The US side of the anime business today is virtually unrecognizable from five years ago. Since then, Funimation has been bought by Sony Pictures Television, Crunchyroll has investment from AT&T and Chernin Group. Amazon has stepped in to acquire content from Japan in a major way for its Anime Strike service. Major Chinese telecommunications firms are paying top dollar for streaming rights and co-productions to a territory once thought lost to piracy. And now, this.

We are so far off the beaten path, I don't even know where the path is anymore. I can't think of another established subculture that's been so quietly absorbed into the large, multinational media companies. In fact, the only other example I can think of where that's happened at all is with American comics (i.e. Marvel, now owned by Disney), but that was a much louder, more obvious grasp for mainstream-able content ideas, not a courting of existing fans. While there is still a small army of producers in Hollywood looking to Japan for stuff to remake, that's not what this is. This is large multinational corporations investing heavily in the existing anime market. Even in the 90s anime boom, this would've been unthinkable.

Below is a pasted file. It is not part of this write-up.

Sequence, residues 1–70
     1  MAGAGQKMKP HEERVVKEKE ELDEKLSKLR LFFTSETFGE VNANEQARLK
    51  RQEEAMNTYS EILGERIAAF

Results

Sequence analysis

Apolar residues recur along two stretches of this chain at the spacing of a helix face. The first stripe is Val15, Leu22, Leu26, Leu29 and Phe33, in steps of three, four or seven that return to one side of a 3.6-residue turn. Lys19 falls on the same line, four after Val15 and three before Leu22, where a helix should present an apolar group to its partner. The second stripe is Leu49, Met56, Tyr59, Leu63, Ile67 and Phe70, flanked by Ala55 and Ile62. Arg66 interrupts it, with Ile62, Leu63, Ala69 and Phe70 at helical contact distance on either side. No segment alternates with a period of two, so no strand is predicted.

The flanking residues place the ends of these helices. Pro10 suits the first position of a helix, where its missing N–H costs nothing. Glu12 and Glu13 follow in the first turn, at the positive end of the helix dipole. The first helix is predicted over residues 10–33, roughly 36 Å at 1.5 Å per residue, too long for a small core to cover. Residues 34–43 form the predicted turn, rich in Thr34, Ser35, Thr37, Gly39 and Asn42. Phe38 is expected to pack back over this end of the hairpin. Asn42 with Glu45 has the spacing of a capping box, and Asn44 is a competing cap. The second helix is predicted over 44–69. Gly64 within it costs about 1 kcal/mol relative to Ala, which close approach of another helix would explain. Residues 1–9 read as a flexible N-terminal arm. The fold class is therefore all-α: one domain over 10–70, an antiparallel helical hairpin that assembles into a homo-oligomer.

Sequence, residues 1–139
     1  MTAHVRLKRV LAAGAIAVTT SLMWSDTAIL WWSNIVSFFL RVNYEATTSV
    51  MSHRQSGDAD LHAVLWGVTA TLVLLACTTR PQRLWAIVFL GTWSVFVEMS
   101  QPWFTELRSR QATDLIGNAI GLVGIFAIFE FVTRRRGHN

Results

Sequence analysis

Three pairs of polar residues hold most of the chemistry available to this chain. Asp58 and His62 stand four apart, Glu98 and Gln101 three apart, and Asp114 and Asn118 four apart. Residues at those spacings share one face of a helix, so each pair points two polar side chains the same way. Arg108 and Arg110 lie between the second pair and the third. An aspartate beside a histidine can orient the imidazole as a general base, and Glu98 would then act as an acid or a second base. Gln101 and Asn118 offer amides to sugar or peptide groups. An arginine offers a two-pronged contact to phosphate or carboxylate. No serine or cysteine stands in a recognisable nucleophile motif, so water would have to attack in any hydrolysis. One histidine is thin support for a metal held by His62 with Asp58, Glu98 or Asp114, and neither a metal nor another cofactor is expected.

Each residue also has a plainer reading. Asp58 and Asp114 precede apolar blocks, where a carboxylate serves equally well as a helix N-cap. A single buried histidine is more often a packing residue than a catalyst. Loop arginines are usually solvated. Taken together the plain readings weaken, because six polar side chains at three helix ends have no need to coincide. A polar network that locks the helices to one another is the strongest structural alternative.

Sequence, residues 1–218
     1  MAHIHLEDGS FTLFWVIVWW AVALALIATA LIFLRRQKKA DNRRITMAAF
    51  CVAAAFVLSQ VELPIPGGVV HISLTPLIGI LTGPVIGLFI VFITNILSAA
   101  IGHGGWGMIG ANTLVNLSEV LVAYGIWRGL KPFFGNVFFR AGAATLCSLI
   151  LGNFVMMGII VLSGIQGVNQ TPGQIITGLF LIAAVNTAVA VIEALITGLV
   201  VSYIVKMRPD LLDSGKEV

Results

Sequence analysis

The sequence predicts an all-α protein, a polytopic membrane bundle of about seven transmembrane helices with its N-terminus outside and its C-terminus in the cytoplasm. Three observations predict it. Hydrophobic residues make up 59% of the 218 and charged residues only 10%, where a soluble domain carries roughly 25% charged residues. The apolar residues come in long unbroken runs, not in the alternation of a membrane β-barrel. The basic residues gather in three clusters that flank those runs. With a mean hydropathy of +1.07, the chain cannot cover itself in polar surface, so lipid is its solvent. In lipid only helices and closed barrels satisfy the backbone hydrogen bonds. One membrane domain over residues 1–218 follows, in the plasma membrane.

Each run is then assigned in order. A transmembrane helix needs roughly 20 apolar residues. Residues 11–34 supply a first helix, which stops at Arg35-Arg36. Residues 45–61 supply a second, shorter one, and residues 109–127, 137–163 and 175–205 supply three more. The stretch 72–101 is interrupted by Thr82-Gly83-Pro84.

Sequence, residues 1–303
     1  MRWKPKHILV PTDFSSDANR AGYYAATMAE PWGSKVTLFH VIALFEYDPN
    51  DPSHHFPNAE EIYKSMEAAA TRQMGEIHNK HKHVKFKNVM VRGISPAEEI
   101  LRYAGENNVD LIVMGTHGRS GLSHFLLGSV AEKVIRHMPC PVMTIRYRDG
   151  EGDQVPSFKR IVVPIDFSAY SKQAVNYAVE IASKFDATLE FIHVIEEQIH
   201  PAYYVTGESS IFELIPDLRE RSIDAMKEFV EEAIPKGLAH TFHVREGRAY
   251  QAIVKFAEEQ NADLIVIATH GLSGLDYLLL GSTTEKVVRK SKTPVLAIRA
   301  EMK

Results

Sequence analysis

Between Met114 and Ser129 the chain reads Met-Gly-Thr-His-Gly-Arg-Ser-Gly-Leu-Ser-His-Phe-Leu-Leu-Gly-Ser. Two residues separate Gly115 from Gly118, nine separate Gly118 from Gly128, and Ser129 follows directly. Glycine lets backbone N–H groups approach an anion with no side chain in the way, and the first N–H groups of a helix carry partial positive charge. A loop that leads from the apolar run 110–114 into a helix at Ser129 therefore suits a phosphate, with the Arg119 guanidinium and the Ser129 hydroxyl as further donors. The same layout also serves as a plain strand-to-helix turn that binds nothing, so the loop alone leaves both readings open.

This is all coming at a time when traditional entertainment is going through a pretty rough period. "Cord cutters" are dropping their cable subscriptions at a record pace. Broadcast TV ratings are at historic lows. The motion picture business is also struggling, with box office down 5% year-over-year after a lackluster summer and an even worse October. And that's to say nothing of the sexual harassment and assault controversies that have lit up the town like wildfire and threaten to derail the day-to-day of the business even further. (Not that it's a bad thing that these things are coming to light -- far from it -- but there will be significant business fallout for a while.)